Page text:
- 11. An OT scholar points out that there are a number of stylistic differences between the first and second half of the passage “STOP”. For example, “ST” contains no enclosed areas and 5 line endings, whereas “OP” contains two enclosed areas and only one line termination. He concludes that the author for the second part is different from the author for the first part and probably lived hundreds of years later. Later scholars determine that the second half is itself actually written by two separate authors because of similar stylistic differences between the “O” and the “P”.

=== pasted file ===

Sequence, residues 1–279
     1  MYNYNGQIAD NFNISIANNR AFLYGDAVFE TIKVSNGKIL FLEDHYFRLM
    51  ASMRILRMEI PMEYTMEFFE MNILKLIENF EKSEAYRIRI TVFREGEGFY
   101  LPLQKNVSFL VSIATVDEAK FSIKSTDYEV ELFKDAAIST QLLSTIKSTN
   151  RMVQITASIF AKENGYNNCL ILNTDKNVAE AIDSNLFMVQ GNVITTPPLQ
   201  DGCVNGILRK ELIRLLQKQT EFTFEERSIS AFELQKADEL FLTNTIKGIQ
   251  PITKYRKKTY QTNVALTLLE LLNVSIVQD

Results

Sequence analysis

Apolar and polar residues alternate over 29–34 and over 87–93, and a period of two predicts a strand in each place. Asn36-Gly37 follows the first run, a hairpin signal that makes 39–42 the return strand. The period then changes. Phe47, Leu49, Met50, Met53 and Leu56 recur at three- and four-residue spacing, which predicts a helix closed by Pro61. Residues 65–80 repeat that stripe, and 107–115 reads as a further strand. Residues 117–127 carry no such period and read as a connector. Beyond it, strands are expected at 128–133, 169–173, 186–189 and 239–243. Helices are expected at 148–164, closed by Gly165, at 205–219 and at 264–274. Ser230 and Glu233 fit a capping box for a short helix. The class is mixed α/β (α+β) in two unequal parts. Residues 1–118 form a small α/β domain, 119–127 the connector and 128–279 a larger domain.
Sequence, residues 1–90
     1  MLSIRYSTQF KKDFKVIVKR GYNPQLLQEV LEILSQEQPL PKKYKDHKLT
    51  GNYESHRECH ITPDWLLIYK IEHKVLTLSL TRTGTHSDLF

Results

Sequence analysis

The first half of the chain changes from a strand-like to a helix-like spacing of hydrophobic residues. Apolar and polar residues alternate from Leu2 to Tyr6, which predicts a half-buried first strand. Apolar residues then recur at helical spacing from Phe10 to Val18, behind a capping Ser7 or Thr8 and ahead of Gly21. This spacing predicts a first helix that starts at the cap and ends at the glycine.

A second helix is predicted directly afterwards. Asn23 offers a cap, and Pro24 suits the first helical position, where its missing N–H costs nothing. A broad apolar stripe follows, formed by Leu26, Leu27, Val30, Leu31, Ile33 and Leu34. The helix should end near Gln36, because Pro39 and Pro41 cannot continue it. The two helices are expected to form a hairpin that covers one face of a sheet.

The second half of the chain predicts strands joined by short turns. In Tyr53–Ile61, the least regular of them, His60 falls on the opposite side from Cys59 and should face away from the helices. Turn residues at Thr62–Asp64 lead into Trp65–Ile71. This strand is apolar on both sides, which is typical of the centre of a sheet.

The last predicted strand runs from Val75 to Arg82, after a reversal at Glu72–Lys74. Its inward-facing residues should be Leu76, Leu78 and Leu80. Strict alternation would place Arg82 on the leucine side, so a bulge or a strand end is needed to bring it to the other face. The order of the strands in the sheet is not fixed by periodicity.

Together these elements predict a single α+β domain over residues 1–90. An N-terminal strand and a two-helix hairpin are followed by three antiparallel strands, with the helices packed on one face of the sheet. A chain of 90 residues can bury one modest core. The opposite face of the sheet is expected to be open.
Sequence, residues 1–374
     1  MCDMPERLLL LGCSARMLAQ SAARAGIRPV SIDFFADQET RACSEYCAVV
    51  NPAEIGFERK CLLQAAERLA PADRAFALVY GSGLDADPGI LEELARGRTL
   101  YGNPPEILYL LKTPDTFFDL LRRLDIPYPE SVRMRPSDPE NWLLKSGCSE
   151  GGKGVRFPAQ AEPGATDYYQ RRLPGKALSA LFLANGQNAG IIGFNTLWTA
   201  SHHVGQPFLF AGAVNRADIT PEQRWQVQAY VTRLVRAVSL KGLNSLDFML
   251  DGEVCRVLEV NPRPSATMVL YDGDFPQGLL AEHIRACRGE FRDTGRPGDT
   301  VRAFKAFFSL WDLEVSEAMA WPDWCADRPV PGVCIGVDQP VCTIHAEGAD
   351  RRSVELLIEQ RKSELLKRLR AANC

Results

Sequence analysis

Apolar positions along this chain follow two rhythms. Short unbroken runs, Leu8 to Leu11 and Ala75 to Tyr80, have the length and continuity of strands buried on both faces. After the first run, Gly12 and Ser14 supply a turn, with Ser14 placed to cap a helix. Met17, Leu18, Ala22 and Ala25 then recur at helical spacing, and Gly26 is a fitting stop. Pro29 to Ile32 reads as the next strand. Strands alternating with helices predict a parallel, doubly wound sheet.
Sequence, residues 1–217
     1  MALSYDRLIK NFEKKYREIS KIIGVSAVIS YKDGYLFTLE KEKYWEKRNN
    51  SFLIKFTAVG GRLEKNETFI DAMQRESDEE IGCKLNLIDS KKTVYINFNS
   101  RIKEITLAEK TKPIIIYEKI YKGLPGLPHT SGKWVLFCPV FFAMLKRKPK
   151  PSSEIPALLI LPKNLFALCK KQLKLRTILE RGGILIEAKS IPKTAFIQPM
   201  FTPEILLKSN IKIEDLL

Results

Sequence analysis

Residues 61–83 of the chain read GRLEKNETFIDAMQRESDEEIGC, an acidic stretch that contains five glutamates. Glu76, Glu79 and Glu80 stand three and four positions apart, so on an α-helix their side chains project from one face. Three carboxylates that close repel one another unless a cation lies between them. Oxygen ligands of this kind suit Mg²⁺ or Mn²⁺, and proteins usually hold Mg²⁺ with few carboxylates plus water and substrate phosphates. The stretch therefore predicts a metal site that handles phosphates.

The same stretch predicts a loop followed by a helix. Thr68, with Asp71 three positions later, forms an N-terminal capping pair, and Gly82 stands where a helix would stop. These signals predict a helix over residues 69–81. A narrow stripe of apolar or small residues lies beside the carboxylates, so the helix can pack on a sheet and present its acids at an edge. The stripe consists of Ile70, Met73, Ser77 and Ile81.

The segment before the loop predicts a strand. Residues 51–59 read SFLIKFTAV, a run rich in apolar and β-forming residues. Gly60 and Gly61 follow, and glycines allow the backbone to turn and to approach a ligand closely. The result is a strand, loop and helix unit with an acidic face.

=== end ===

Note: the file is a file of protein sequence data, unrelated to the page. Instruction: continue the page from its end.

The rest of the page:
12. Another prominent OT scholar notes in his commentary that the stop sign would fit better into the context three streets back. (Unfortunately, he neglected to explain why in his commentary.) Clearly it was moved to its present location by a later redactor. He thus exegetes the intersection as though the stop sign were not there.
13. Because of the difficulties in interpretation, another OT scholar emends the text, changing “T” to “H”. “SHOP” is much easier to understand in context than “STOP” because of the multiplicity of stores in the area. The textual corruption probably occurred because “SHOP” is so similar to “STOP” on the sign several streets back that it is a natural mistake for a scribe to make. Thus the sign should be interpreted to announce the existence of a shopping area.